From the driver’s seat, you can feel the extra weight. In Comfort mode, and with the test vehicle’s optional 20-inch wheels and run-flat tires, hints of wobble and float combine with subtle impact harshness in a slightly unsettling way. In most driving situations, however, the X3 xDrive30e is agreeable to drive, demonstrating the communicative feel and athletic response for which BMW is known.
This is especially true when you switch into the Sport or Sport Plus modes. And the test vehicle’s optional Driving Dynamics package gave the X3 plug-in serious capabilities on the twisty roads laced across the Santa Monica Mountains. This upgrade includes Performance Control (torque vectoring), M Sport brakes with larger discs and performance brake pads and blue-painted calipers, and variable sport steering.
In fact, over one big whoop on the testing loop the suspension expertly managed the xDrive30e’s weight, unlike many electrified models I’ve run on the same route.
If you decide to buy a BMW X3 xDrive30e, the base price is $49,545 including a destination charge of $995. That’s $4,600 more than the X3 xDrive30i. However, assuming you have a tax liability exceeding it, this vehicle qualifies for a federal income tax credit of up to $5,836, potentially making the X3 plug-in the least expensive X3 xDrive model you can buy.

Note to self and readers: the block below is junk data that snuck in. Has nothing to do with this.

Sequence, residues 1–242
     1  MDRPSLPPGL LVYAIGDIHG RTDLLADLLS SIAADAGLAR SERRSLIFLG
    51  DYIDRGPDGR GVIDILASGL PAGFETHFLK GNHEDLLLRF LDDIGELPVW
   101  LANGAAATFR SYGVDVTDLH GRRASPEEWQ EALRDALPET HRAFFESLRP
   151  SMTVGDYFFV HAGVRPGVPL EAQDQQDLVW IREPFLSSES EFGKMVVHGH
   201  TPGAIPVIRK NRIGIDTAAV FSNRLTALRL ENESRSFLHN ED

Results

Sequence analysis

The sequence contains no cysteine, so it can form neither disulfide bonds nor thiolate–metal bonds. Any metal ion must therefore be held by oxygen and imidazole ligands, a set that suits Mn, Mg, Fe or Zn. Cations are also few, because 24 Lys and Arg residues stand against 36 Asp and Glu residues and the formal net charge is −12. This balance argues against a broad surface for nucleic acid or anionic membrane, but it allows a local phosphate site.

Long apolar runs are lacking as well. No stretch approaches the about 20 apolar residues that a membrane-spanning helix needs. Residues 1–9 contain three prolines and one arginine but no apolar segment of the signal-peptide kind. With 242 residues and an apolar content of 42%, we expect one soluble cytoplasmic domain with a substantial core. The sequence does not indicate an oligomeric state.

Given that only half of X3 owners agree that they’re willing to pay extra for a vehicle that is environmentally friendly, this strategy is smart. And when you live with the X3 xDrive30e, aside from negligible impact of the added weight on the ride and handling, as well as the slight reduction in cargo capacity, there are no compromises to be made over a standard X3.
In fact, making fewer stops at gas stations might just be well worth any trade-offs.